The NMR-Rosetta capsid model of M13 bacteriophage reveals a quadrupled hydrophobic packing epitope.Morag, O., Sgourakis, N.G., Baker, D., Goldbourt, A.
(2015) Proc.Natl.Acad.Sci.USA 112: 971-976
- PubMed: 25587134
- DOI: 10.1073/pnas.1415393112
- PubMed Abstract:
Filamentous phage are elongated semiflexible ssDNA viruses that infect bacteria. The M13 phage, belonging to the family inoviridae, has a length of ∼1 μm and a diameter of ∼7 nm. Here we present a structural model for the capsid of intact M13 bacteri ...
Filamentous phage are elongated semiflexible ssDNA viruses that infect bacteria. The M13 phage, belonging to the family inoviridae, has a length of ∼1 μm and a diameter of ∼7 nm. Here we present a structural model for the capsid of intact M13 bacteriophage using Rosetta model building guided by structure restraints obtained from magic-angle spinning solid-state NMR experimental data. The C5 subunit symmetry observed in fiber diffraction studies was enforced during model building. The structure consists of stacked pentamers with largely alpha helical subunits containing an N-terminal type II β-turn; there is a rise of 16.6-16.7 Å and a tilt of 36.1-36.6° between consecutive pentamers. The packing of the subunits is stabilized by a repeating hydrophobic stacking pocket; each subunit participates in four pockets by contributing different hydrophobic residues, which are spread along the subunit sequence. Our study provides, to our knowledge, the first magic-angle spinning NMR structure of an intact filamentous virus capsid and further demonstrates the strength of this technique as a method of choice to study noncrystalline, high-molecular-weight molecular assemblies.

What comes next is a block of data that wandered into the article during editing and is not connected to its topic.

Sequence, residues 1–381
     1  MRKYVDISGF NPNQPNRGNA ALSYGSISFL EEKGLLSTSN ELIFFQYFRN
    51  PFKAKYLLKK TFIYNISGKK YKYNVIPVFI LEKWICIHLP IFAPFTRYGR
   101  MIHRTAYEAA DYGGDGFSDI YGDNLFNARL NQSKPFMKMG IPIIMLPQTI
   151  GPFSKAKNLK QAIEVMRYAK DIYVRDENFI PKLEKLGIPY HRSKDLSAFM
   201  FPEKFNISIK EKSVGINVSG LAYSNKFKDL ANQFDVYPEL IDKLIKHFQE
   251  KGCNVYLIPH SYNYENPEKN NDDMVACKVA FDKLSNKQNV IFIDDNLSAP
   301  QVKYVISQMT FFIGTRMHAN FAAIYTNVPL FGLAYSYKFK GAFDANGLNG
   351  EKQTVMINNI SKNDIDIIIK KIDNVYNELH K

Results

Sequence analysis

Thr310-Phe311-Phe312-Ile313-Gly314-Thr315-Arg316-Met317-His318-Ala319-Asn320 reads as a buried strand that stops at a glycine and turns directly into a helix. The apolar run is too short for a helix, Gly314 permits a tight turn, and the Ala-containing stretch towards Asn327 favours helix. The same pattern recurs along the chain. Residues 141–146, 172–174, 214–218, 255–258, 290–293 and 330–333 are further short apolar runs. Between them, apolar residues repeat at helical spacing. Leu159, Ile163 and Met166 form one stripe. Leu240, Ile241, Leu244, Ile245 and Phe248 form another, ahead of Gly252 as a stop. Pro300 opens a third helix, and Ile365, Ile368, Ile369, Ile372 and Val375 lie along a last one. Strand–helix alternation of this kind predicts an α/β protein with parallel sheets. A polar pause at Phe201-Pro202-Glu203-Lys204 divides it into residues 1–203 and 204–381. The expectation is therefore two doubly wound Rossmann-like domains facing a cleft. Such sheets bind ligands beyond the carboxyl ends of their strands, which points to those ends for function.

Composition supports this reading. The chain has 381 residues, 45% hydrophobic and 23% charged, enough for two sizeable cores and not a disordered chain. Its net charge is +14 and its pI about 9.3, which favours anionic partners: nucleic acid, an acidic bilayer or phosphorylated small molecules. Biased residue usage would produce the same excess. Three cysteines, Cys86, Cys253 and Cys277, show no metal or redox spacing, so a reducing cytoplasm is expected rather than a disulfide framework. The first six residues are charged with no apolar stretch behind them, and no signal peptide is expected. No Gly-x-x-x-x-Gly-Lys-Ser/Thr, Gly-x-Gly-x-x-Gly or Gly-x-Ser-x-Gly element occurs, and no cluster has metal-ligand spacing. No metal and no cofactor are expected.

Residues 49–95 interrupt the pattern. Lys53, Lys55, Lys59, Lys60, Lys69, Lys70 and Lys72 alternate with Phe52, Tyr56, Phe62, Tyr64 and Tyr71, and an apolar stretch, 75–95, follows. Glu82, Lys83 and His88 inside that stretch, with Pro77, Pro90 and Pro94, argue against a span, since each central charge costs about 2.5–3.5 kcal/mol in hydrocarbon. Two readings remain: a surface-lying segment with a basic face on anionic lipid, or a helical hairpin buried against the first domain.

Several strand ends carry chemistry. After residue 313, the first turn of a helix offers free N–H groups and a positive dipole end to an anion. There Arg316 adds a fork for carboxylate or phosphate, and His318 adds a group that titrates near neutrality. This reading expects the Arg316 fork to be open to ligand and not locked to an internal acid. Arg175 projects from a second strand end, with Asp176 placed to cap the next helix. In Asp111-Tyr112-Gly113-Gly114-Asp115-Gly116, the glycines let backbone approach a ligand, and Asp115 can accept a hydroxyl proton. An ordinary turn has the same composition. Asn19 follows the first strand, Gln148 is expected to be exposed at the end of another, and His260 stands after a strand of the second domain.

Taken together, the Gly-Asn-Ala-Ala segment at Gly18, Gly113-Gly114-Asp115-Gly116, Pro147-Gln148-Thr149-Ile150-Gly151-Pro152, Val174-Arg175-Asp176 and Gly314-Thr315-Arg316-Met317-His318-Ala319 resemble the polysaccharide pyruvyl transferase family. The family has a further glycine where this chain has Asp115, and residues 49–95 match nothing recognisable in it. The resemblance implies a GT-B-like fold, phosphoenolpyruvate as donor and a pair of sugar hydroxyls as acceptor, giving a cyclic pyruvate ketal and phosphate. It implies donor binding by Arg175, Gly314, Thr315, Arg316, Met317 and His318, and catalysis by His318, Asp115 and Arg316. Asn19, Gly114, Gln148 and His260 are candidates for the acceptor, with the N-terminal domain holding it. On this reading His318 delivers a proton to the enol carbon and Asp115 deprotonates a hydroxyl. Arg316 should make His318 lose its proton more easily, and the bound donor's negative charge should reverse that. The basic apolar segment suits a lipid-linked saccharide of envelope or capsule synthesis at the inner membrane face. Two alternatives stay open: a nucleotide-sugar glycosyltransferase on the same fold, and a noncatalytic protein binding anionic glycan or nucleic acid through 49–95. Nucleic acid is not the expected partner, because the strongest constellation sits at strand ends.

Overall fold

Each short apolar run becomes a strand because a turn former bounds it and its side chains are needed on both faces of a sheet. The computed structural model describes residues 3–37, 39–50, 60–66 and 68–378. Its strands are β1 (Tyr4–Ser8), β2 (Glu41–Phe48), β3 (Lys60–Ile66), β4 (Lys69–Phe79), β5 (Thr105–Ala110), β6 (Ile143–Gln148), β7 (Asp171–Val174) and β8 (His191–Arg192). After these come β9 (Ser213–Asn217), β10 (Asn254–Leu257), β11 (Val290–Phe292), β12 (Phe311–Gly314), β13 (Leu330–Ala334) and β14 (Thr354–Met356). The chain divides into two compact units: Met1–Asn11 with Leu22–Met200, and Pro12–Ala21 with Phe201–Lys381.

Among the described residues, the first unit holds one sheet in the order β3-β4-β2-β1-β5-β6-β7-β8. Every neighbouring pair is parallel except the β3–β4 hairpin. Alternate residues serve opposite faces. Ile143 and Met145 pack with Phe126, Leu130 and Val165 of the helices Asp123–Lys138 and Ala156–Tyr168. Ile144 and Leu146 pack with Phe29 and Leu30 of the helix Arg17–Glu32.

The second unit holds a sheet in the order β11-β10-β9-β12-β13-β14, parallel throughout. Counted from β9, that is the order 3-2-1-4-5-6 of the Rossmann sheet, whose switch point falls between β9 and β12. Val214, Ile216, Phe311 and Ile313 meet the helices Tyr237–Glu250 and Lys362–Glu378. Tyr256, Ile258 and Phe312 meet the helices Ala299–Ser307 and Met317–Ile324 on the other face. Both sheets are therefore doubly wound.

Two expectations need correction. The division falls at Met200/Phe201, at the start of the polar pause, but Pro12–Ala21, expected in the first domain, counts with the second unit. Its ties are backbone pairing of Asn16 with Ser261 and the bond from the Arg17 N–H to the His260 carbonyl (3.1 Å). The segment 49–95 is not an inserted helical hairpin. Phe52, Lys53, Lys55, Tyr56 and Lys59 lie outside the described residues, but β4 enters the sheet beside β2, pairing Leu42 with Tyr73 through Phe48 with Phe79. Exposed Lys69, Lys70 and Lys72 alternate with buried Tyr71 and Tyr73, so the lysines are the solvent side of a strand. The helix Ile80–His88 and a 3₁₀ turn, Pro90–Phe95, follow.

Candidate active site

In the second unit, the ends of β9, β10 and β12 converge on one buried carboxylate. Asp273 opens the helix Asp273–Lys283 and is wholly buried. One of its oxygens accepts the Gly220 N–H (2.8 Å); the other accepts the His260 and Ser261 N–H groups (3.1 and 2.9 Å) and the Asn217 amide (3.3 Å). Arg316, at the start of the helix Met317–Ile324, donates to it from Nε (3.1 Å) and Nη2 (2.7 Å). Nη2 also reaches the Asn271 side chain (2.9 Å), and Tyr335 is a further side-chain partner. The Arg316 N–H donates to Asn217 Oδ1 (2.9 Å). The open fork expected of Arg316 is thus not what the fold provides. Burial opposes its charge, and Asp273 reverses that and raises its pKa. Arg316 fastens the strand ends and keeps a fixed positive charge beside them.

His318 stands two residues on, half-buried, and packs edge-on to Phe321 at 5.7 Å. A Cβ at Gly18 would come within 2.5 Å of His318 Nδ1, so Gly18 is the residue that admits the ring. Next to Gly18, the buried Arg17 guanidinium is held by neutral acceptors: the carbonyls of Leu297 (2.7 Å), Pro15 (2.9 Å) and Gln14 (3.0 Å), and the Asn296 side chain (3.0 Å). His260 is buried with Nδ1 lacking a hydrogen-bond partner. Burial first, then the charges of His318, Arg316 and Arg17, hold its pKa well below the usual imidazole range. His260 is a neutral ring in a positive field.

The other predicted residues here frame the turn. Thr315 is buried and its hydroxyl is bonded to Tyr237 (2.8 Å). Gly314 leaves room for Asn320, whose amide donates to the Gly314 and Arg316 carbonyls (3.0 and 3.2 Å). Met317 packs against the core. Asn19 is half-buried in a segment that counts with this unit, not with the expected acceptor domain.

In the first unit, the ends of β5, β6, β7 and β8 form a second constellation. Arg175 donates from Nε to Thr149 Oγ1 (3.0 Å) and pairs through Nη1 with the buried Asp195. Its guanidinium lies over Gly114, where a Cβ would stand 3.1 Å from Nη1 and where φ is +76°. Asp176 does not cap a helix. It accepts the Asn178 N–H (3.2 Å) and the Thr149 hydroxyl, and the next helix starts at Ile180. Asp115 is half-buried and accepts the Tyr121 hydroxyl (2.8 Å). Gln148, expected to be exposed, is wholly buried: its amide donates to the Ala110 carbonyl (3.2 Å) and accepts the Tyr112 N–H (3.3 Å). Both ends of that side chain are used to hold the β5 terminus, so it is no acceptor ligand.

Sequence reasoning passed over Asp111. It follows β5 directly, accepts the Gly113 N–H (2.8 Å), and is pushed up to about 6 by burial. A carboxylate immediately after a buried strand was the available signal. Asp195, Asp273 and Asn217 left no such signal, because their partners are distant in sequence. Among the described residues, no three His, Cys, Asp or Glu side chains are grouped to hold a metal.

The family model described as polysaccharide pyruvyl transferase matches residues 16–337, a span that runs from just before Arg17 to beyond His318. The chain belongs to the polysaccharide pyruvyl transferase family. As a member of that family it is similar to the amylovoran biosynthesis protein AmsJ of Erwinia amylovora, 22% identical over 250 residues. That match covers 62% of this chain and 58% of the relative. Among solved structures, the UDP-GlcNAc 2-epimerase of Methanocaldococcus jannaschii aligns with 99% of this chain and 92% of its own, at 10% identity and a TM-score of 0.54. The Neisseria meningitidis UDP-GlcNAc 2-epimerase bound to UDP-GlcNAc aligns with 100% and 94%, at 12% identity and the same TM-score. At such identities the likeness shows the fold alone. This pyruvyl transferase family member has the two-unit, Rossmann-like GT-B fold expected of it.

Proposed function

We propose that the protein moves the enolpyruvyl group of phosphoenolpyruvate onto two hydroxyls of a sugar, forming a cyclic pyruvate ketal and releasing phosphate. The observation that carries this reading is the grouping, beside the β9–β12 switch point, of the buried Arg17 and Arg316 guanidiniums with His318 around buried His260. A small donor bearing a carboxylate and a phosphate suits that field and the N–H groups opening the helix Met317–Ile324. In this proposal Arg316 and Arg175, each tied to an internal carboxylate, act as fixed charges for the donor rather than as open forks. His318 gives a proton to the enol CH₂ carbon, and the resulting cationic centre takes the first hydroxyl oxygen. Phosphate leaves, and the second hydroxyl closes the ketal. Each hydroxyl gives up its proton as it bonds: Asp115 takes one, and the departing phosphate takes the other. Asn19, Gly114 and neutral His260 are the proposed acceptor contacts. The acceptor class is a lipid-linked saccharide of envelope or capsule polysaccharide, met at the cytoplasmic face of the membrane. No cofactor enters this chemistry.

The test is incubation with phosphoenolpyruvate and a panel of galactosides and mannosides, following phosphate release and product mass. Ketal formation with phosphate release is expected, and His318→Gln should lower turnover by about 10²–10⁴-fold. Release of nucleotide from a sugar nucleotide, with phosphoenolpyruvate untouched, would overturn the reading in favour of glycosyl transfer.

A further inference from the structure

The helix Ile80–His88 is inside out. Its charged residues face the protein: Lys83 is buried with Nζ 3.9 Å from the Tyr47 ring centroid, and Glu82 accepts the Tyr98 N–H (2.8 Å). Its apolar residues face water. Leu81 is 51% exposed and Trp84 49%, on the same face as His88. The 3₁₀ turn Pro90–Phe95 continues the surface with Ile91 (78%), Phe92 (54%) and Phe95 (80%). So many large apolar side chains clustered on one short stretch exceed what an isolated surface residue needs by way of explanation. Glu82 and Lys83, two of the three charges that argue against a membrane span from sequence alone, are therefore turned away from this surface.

School of Chemistry, Raymond and Beverly Sackler Faculty of Exact Sciences, Tel Aviv University, Ramat Aviv 69978, Tel Aviv, Israel; and.